Investing in Disney: A comprehensive primer and analysis (Part 6 of 11)
Disney’s acquisition strategy is in line with its objective to achieve creative excellence and grow its brands and businesses around the world. It said that its acquisitions of Pixar, Marvel, and Lucasfilm in the last decade have proven its unique ability to nurture strong brands and expand creative content to its fullest potential and maximum value.
The acquisition of the Steve Jobs–led Pixar Animation Studios at a valuation of $7.4 billion in 2006 reinvigorated Disney’s animation division, because of which it’s seeing a tremendous creative resurgence. Ever since the debut of Mickey Mouse in Steamboat Willie, animation has been the bedrock of Disney, so the acquisition of Pixar furthers the company’s commitment to outstanding animation, embracing its heritage and securing its legacy for the future. Some of the successful movies from Pixar include Cars, Toy Story, Finding Nemo, The Incredibles, Ratatouille, WALL-E, Up, and Brave.
According to news reports, the acquisition of Pixar in 2006 was crucial for Disney, as its own animation and studio business was struggling at that time. Disney’s profitable co-production and distribution deal with Pixar was facing issues due to a clash between Pixar’s then-chief executive Steve Jobs and Disney CEO Michael Eisner. Allowing Pixar to fall into a rival’s hands only would have further weakened Disney’s position. So Disney is supposed to have paid over the odds at an estimated 45 times earnings when the deal was announced.
With Marvel’s acquisition in 2009, a strong global brand and world-renowned library of characters including Iron Man, Spider-Man, the X-Men, Captain America, the Fantastic Four, and Thor was combined with Disney’s creative skills, global portfolio of entertainment properties, and business structure that maximizes the value of creative properties across multiple platforms and territories.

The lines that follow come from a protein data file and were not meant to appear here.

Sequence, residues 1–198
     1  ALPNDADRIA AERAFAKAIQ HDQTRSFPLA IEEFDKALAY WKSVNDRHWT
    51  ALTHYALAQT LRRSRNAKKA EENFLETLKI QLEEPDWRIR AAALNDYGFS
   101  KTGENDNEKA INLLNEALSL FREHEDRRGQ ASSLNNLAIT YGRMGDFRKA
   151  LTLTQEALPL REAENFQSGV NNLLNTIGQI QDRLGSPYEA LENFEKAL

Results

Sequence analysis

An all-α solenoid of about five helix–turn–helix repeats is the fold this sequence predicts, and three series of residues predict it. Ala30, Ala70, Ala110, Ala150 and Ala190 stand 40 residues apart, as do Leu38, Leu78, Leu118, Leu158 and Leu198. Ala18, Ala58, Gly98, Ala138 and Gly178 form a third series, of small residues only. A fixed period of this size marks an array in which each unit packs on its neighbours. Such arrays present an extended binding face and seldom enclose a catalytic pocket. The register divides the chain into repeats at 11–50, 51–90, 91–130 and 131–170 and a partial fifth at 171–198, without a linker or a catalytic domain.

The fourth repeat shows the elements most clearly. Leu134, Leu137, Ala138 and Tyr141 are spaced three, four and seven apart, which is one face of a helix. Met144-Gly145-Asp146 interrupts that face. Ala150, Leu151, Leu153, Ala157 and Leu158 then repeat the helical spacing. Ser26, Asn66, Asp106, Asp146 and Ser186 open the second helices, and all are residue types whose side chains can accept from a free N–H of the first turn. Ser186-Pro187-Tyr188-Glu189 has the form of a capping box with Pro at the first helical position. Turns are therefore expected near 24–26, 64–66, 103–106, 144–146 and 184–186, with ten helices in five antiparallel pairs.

The box office success of The Avengers and Iron Man 3 silenced all the critics who were pessimistic about the Marvel acquisition because they considered it overpriced. Disney is also expected to benefit by pushing the Marvel brand in its theme parks, TV channel, cruise lines, and merchandising segments. The Avengers and the Marvel Comics characters are expected to drive licensing and theme park revenue (Disney’s upcoming Shanghai Park is expected to have a Marvel-centric attraction). Disney expects the addition of Marvel brands to provide the company with significant long-term growth and value creation.
The acquisition of Lucasfilm in 2012 followed the successful acquisitions of Pixar and Marvel, which showed the company’s unique ability to fully develop and expand the financial potential of high-quality creative content with compelling characters and storytelling through the application of innovative technology and multi-platform distribution globally. It believed that adding Lucasfilm to its portfolio of renowned brands significantly enhanced its ability to serve consumers with a broad variety of the world’s highest-quality content and to create additional long-term value for its shareholders.